Relative to many ecosystem changing plants that have been here for well over a couple decades, hanging sedge is new to San Mateo County. Hanging sedge was first located in California in 1989 in Butte County. Surveys for the plant increased following its discovery by the Bay Area Early Detection Network, where it was found within Muir Woods National Monument along Redwood Creek, Marin County.
In San Mateo County, hanging sedge was first sighted by local botanist John Rawlings who found a patch within Purisima creek Redwoods Open Space Preserve where the hunt was quickly picked up by Midpeninsula Regional Open Space District.
In 2019, working under the already running Slender False Brome Program, the RCD has teamed up with MROSD to expand survey work into Purisima creek on private lands for hanging sedge.
As its name suggests, hanging sedge is best noticed by tall arching stems that hold drooping flower ‘spikes’ that give it an attractive fountain-like look. Hanging sedge is a clump forming plant, spreading in dense patches through rhizomes within wetlands and stream sides. This plant stands between 3-6 feet tall, so it can take up a lot of space that’s needed for other riparian and forest plants. In cross section, like most true sedges, the wide yellow green leaves form an upside-down ‘W’. Another distinctive marker of hanging sedge is it’s red to purple base. If you pull the plant out, you’ll see green transition to red just above the roots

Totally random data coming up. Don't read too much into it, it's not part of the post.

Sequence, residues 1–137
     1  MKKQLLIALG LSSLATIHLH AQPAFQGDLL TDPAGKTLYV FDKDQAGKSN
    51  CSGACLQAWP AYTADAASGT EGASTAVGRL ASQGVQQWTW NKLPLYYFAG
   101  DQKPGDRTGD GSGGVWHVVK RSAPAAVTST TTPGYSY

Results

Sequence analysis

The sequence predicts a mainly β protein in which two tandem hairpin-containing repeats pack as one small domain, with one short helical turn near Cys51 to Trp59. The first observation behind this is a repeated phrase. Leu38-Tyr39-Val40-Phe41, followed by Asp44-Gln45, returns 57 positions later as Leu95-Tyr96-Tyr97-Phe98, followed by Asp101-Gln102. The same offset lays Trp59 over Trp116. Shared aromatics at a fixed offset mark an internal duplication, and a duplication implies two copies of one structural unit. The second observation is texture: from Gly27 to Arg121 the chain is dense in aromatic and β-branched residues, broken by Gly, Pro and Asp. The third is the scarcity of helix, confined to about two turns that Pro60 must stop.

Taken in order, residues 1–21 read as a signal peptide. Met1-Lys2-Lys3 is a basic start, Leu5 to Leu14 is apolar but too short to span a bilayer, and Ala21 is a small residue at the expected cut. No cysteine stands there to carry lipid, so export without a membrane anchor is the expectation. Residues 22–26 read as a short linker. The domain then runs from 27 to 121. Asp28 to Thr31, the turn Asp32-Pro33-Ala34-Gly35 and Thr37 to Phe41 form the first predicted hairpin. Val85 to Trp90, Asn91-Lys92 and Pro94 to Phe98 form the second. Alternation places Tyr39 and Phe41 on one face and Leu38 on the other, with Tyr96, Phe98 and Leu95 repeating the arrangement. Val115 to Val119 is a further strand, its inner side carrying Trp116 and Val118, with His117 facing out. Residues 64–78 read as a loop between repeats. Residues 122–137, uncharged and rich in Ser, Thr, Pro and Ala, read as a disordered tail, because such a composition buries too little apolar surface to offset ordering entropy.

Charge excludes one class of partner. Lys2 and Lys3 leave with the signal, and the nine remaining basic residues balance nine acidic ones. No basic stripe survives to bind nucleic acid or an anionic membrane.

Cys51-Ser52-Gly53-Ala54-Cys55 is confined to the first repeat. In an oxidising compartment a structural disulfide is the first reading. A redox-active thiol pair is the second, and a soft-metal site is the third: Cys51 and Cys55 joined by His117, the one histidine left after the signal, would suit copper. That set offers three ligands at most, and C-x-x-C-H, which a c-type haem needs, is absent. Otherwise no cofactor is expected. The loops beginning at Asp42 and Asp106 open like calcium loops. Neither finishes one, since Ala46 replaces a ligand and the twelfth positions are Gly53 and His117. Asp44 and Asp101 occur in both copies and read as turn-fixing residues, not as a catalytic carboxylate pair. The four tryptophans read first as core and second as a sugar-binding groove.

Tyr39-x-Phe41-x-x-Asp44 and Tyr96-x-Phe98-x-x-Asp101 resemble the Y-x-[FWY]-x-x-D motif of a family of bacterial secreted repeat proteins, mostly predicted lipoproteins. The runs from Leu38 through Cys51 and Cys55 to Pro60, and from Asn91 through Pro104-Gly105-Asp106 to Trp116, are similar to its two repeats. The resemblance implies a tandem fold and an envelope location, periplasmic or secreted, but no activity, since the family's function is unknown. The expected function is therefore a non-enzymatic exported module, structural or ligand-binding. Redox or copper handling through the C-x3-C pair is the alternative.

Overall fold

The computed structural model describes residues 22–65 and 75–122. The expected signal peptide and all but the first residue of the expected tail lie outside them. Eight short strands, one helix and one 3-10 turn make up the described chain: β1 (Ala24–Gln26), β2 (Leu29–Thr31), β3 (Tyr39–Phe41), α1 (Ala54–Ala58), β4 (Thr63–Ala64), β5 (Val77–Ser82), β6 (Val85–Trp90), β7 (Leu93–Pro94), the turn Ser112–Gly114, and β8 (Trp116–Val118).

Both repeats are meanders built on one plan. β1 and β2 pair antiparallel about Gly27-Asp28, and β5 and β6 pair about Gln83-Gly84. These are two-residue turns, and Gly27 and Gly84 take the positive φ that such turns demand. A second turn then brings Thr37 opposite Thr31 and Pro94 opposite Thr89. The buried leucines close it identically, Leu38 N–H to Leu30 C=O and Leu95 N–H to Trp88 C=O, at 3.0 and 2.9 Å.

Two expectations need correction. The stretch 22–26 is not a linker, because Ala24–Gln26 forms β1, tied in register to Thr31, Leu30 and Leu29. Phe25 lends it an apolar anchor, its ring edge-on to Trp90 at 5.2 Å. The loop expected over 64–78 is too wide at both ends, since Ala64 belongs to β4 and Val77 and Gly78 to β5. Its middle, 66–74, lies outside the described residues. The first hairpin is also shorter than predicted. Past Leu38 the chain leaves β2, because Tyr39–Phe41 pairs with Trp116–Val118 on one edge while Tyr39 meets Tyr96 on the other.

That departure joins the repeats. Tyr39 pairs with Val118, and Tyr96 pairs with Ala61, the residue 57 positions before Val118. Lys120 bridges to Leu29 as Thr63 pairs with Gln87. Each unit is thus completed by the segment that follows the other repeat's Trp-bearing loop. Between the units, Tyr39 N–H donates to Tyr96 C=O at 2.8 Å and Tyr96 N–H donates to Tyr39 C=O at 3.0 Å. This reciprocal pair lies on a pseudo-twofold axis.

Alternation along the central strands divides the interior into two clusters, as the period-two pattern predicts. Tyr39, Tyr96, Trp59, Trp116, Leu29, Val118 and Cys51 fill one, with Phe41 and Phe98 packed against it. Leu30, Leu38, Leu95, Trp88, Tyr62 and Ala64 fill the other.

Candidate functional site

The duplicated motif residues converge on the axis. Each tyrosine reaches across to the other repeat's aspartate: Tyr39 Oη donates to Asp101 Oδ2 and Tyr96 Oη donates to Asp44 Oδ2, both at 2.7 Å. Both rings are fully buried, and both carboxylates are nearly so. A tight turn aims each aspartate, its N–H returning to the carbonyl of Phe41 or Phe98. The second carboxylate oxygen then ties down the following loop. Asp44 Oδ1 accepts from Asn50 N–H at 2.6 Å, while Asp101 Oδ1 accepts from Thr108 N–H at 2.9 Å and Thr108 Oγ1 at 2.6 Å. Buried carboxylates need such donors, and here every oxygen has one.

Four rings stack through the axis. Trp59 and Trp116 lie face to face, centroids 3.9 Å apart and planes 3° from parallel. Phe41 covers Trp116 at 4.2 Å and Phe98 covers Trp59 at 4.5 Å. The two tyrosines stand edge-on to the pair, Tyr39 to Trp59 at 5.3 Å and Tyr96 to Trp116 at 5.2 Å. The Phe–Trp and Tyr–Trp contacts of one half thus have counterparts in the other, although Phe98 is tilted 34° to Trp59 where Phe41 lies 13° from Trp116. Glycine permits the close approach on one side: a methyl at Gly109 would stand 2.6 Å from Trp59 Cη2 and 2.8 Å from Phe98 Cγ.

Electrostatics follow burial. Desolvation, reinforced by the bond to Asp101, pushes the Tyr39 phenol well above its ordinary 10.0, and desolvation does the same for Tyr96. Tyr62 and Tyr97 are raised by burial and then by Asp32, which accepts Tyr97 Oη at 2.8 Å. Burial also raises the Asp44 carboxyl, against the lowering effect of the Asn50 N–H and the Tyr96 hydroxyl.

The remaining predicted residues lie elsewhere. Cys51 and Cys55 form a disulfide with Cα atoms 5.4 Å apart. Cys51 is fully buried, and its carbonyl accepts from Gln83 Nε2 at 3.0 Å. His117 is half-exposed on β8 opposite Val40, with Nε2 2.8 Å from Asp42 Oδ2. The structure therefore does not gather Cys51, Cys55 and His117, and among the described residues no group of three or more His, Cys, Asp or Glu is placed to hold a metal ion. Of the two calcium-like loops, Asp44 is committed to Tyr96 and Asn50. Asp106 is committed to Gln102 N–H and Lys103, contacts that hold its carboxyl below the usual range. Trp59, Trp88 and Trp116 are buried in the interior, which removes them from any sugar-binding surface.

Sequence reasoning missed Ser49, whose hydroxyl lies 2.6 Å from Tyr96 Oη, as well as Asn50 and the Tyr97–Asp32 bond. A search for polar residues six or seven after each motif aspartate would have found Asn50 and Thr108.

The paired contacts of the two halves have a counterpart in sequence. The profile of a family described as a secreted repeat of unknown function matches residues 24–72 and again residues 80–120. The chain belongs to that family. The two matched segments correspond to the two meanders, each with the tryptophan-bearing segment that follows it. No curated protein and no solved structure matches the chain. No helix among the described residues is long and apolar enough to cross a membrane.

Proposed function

References: Cal-IPC Profile: Carex pendula
Within California, hanging sedge is found within North, East and Peninsula regions of the Bay Area. In San Mateo County it grows within Purisima Creek and along Highway 35 near Kings Mountain. Hanging sedge’s habitat includes wetlands, stream sides, roadsides, and wet forests.
Stay Vigilant! Slender False Brome can be spotted any time of the year especially between March and May when the flowers are blooming in full force. Stay aware of your surroundings and contact the RCD if you need assistance on identification.
Plant Right! Hanging sedge is a beautiful ornamental plant in other parts of the world where it stays where it is planted, but not in California. Be a smart shopper and learn how the plants you buy for your yard interact with nature. PlantRight.org is a great resource.
Stay Clear! Always clean your clothes and shoes before and after you leave public or private trails. Use a stiff bristle brush to remove any weed seeds on your clothes and shoes.